14. I greased my flywheel and cleaned all mating surfaces for the bell housing. My torque converter flex plate was in a fine condition.
15. Install the torque converter onto the new transmission. There are good instructions for this at How to Install a Torque Converter
16. Before installing the new transmission you want to more or less line up the holes on the torque converter with the holes on the flex plate. Now line up the new transmission with the engine by patiently working boards under it until it is lined up. I leave it up to you to figure out how you are going to manage this. Bottle jack and wife helped as well. When it is more or less lined up by eye, draw it in using the starter bolts and the bolt on the driver’s side that takes a nut. Be ever so careful not to force anything or strip the recesses on the engine side. Check constantly whether your torque converter is able to spin freely. That way you know that it was properly installed.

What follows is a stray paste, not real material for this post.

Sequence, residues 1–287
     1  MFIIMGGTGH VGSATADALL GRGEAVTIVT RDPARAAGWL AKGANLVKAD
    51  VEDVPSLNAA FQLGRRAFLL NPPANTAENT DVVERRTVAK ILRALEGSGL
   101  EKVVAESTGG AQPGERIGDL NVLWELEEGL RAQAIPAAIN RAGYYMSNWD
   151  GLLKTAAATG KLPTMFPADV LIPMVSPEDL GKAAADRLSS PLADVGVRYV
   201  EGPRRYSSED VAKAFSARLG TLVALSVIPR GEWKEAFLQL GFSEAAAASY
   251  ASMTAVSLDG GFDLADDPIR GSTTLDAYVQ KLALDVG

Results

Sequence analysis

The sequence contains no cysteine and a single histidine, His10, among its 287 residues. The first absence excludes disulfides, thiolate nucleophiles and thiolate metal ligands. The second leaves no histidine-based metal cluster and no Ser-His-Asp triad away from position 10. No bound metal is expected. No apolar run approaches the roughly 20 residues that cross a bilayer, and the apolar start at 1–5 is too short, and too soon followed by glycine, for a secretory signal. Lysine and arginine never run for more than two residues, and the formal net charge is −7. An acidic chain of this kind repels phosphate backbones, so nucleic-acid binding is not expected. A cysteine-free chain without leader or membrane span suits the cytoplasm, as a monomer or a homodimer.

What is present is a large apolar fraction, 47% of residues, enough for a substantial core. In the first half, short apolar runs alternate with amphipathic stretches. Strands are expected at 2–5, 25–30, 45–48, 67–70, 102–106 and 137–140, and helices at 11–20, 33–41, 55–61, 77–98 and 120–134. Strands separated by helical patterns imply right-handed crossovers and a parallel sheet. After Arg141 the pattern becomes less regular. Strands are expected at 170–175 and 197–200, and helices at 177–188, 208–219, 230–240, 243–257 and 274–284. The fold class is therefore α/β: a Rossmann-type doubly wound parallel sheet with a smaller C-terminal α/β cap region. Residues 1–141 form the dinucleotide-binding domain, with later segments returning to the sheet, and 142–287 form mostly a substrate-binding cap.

17. Work in the other bolts keeping to torque specifications. For good measure, I bought some new bolts with longer thread for the bottom two.
18. With the transmission fully lowered at the rear, you can now install the top bolts and the starter bolts. It helps to seat the bolts by hand working your arm in from just forward of the bell housing. This didn’t take long at all.
19. Connect up the cooler lines and their flex lines. Bolt them down onto the motor and connect their banjo fittings with new crush washers. Do the same for the dipstick.